LowOur confidence in the effect estimate is limited: the true effect may be substantially different from the estimate of the effect.
      Very lowWe have very little confidence in the effect estimate: the true effect is likely to be substantially different from the estimate of effect.
      Interpretation of the strength of recommendation
      Andrews J. et al. Journal of Clinical Epidemiology, 2013; 66: 719–725.
      Strong recommendation

      Weak/conditional recommendation
      wording used in various documents to indicate the strength of recommendationsis recommended/is not recommended

      should be used/ should not be used/ must not be used
      is suggested to/ is suggested not to

      should be considered/ may be considered
      implication for patientsMost individuals in this situation would want the recommended course of action, and only a small proportion would not.The majority of individuals in this situation would want the suggested course of action, but many would not.
      implication for cliniciansMost individuals should follow the recommended course of action.

      Different choices will be appropriate for individual patients; clinicians must help each patient arrive at a management decision consistent with his or her values and preferences.
      Note: good practice statement is formulated if evidence is lacking, it is not possible to formulate the formal recommendation and the advice is based on expert opinion only.
      a Balshem et al. Journal of Clinical Epidemiology, 2011; 64: 401–406.
      b Andrews J. et al. Journal of Clinical Epidemiology, 2013; 66: 719–725.

      2.3 Dissemination phase

      Finally, PE-TF elaborated and approved by consensus a draft of the document that afterward was validated by two external experts in guidelines and PE, and the EFIM board to be published and disseminated.

      3. Results

      Between 13 Jan and 01 Mar 2020, 281 responses to the survey on relevant issues in the management of patients with acute PE were received from European internists and 20 most often mentioned clinical questions were selected. During two meetings of the PE-TF, a shorter list of 5 specific clinical questions with a PICO structure was agreed upon by consensus based on the 20 clinical questions suggested by the European internists (Table 2). The literature search performed between October 1 and 8, 2020 identified 3298 documents. After screening and exclusion of duplicates, 130 full texts articles remained that were independently evaluated by at least two members of the PE-FT. Twenty CPGs on PE were selected for quality assessment by AGREE-II instrument, and 10 were finally included to address the 5 PICOs of this guideline (Fig. 1: flowchart).
      Table 2List of PICOs.
      1. How to rule out PE if CT pulmonary angiography is not available or rises risks due to contrast medium administration and radiation exposure in a population where d-dimer is unreliable (CKD, pregnancy)?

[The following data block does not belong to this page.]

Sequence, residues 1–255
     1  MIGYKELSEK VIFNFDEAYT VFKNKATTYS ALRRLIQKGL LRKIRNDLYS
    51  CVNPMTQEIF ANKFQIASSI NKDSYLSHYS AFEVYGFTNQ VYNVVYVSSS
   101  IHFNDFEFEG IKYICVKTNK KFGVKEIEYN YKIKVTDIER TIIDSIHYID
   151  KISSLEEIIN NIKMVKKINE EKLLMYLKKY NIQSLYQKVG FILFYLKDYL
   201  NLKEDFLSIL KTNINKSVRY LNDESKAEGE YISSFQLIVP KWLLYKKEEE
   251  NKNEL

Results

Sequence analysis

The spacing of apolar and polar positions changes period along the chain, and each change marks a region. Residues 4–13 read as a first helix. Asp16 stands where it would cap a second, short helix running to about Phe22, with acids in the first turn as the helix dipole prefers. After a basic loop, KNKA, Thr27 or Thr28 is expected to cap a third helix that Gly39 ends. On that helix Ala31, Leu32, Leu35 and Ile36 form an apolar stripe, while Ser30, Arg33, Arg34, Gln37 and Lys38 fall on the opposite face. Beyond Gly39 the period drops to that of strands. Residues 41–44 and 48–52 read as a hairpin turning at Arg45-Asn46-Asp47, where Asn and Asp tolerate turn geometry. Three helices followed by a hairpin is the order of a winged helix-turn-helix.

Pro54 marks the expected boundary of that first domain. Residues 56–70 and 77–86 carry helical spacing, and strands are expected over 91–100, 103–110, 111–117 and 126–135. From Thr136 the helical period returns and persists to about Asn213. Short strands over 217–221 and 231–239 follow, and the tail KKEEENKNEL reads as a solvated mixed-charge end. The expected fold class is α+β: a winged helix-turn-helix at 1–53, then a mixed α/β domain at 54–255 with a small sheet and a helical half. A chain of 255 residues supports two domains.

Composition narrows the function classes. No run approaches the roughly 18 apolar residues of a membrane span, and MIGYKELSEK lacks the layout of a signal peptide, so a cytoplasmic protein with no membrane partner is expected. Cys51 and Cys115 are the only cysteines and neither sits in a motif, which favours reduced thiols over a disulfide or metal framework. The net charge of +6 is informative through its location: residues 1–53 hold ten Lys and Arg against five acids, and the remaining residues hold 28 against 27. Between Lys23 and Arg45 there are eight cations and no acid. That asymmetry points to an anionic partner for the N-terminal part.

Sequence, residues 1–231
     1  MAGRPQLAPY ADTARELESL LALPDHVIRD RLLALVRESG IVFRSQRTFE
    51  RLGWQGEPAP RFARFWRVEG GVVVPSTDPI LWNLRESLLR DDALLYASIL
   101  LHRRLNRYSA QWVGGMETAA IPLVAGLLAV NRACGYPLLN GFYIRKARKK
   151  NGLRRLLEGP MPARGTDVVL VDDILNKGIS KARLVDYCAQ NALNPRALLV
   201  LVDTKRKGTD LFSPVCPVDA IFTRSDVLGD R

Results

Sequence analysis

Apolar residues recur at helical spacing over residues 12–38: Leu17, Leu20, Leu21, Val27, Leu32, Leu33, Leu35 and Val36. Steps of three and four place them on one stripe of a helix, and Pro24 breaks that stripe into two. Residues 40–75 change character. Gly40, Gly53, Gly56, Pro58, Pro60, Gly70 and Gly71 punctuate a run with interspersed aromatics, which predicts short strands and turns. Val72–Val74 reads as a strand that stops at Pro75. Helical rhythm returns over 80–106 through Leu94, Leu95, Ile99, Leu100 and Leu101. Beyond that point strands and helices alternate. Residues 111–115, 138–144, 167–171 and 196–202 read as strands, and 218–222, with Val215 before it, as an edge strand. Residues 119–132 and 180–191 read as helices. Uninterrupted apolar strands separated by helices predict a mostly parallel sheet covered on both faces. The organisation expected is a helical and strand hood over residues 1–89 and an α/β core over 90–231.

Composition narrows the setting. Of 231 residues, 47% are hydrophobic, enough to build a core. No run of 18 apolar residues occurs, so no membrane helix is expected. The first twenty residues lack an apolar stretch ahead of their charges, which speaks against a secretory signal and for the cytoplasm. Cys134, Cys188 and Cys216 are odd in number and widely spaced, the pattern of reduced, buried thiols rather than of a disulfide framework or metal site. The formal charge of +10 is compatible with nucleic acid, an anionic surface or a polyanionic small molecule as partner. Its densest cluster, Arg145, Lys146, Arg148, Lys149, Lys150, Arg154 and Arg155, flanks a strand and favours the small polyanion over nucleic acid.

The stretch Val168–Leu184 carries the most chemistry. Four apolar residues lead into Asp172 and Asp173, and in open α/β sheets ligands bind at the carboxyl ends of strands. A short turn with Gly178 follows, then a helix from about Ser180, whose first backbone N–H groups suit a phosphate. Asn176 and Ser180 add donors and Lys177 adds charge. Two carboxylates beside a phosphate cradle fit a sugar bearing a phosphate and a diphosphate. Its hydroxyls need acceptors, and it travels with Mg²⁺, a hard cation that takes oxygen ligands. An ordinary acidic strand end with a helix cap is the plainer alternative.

2. How to treat patients with PE and relevant clinical conditions?
      3. Which is the most accurate bleeding prediction rule in a comorbid patient treated for PE?
      4. What should be the duration of anticoagulation after PE (including special populations)?
      5. Do we need the screening for cancer and thrombophilia in PE patients without recognized thrombosis risk factors?
      CKD – chronic kidney disease, CT – computer tomography, PE – pulmonary embolism, VTE – venous thromboembolism.
      Fig. 1
      Fig. 1flowchart of the clinical practice guidelines (CPGs) selection process, following the PRISMA statement [Moher 2009].
      PICO #1: How to rule out PE if computed tomographic pulmonary angiography (CTPA) is not available or rises risks due to contrast medium administration and radiation exposure in a population where D-dimer is unavailable or less specific (severe chronic kidney disease (CKD), pregnancy)?
      D-dimer should be used to select patients with low or intermediate pre-test probability of PE that should proceed to CTPA. Unfortunately, in some patients with suspected PE D-dimer results are less specific (e.g. severe CKD or pregnancy) and CTPA is not available or rises safety concerns. Among the selected CPGs, four address this clinical question [
      • McCormack T.
      • Harrisingh M.C.
      • Horner D.
      • Bewley S.
      • Committee G.
      Venous thromboembolism in adults: summary of updated NICE guidance on diagnosis, management, and thrombophilia testing.
      ,
      • Lim W.
      • Le Gal G.
      • Bates S.M.
      • Righini M.
      • Haramati L.B.
      • Lang E.
      • et al.
      American Society of Hematology 2018 guidelines for management of venous thromboembolism: diagnosis of venous thromboembolism.
      ,
      • Bates S.M.
      • Rajasekhar A.
      • Middeldorp S.
      • McLintock C.
      • Rodger M.A.
      • James A.H.
      • et al.
      American Society of Hematology 2018 guidelines for management of venous thromboembolism: venous thromboembolism in the context of pregnancy.